Only 37% knew or guessed that the North Pole is on sea ice, and even fewer (29%) recognized that melting of Greenland and Antarctic land ice, rather than Arctic sea ice, could potentially do the most to raise sea levels. Forty-six percent correctly placed the South Pole on thick ice over land, but since many said the same about the North Pole, that might partly reflect a bias toward “thick ice over land.” Two-thirds of our sample got no more than one answer on these three-choice questions correct.

Many surveys have included two standard questions about climate change:

1) How much do you feel you understand about global warming or climate change? – a great deal; a moderate amount; only a little; or nothing at all?
2) Which of the following three statements do you personally believe? – climate change is happening now, caused mainly by human activities; climate change is happening now, but caused mainly by natural forces; climate change is not happening now.

The second, “personally believe” question yields stark and persistent divisions, analyzed in several papers (2011, 2012, 2015). The “understanding” responses to the first question are striking for a different reason: so many people (78% in New Hampshire) say they understand either a moderate amount or a great deal about climate change.

Our knowledge score provides a reality check using a few basic but neutral facts that anyone paying attention to climate discussions (or a globe) ought to know. Overconfidence, defined as moderate or great “understanding” combined with low knowledge (no more than one answer correct), characterizes almost half our sample. Bar charts below show rates of overconfidence within subgroups.


Figure 4: Percentage of overconfident respondents, or those reporting moderate/great understanding but having low knowledge scores.

Overconfidence is not significantly related to age or gender (Fig. 4A and B). It is somewhat more prevalent among people with postgraduate education (Fig 4C), but larger differences occur by political party (Fig 4D) and climate-change beliefs (Fig. 4E). Democrats, Independents and Republicans are not far apart, whereas Tea Party supporters significantly more often (61%) combine high self-assessed understanding with low knowledge. Rates of overconfidence are similarly high (60%) among those who think climate change is not happening.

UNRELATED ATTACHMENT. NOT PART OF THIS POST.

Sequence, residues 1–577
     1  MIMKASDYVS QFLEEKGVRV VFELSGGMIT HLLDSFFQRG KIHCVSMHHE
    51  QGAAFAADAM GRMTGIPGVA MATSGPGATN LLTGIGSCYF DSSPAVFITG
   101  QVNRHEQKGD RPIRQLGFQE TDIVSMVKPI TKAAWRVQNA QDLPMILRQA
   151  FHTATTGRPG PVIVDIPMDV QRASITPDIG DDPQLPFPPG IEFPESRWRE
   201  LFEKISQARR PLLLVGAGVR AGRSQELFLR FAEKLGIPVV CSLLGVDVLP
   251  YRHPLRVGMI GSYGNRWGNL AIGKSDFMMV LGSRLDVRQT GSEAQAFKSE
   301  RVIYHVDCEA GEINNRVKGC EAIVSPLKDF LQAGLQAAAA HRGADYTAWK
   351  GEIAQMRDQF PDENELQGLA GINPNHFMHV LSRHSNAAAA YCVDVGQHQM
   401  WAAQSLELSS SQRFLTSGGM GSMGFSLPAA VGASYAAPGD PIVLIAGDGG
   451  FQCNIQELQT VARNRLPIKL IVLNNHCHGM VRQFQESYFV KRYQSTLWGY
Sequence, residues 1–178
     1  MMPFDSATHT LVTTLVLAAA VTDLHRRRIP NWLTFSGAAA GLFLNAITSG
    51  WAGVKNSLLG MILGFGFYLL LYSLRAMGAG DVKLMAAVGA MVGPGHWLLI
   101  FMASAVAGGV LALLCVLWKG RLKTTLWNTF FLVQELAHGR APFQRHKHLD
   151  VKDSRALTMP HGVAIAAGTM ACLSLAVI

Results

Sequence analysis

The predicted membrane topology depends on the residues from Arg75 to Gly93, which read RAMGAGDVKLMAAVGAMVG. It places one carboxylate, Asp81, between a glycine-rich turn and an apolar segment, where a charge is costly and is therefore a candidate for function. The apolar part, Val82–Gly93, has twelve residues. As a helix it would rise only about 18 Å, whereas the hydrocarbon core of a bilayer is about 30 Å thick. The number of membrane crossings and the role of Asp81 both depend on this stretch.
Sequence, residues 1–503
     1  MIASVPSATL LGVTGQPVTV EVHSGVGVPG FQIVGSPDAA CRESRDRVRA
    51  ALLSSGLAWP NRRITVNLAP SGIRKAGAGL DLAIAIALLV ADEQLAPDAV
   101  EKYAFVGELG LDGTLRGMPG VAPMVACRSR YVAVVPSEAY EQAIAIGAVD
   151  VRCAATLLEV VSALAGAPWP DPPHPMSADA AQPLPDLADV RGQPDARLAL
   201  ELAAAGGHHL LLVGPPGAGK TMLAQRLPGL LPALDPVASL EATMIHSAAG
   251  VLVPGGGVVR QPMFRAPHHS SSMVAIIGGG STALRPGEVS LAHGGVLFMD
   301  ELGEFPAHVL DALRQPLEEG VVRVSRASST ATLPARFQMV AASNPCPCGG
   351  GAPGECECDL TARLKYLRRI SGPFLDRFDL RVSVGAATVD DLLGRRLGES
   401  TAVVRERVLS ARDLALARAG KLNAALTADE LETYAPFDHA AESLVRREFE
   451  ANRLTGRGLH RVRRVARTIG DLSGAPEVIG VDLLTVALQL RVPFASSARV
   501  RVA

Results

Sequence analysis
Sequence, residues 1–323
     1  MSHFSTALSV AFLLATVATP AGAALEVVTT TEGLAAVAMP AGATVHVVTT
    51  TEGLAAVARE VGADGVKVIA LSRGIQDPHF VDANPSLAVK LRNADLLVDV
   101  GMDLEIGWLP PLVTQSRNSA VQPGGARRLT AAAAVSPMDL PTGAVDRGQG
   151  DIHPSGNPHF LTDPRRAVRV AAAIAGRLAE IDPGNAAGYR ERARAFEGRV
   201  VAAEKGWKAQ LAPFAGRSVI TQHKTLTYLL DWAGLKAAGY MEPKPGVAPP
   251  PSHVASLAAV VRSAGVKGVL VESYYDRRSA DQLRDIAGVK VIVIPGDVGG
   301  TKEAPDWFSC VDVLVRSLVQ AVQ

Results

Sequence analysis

The false sense of understanding has ideological roots. Previous studies found that Tea Party supporters report the highest levels of understanding about climate change (Leiserowitz et al. 2011, pdf; Hamilton and Saito 2015). That occurs in these surveys as well: 43% of Tea Party supporters, compared with just 18% of Republicans, 21% of Independents, and 31% of Democrats say they have “a great deal” of understanding about climate change. Polar knowledge scores, however, point in the opposite direction: only 27% of Tea Party supporters, compared with 31% of Republicans or Independents, and 39% of Democrats, answered two or three questions correctly.

These results support a common-sense view that we need a mix of approaches to address people with different configurations of knowledge and certainty. Communicating the strength of scientific consensus might be most helpful as a heuristic for people without much science knowledge and without strong preconceptions. Detailed information such as Skeptical Science counter-arguments could help those who know some science already, and are open to learn more. To make inroads against what Kraft et al. 2015 term the “hyperskepticism toward scientific evidence among ideologues,” more culturally-tailored approaches are needed. The pace of polar change gives context and urgency to communication efforts. 

Posted by Guest Author on Friday, 10 July, 2015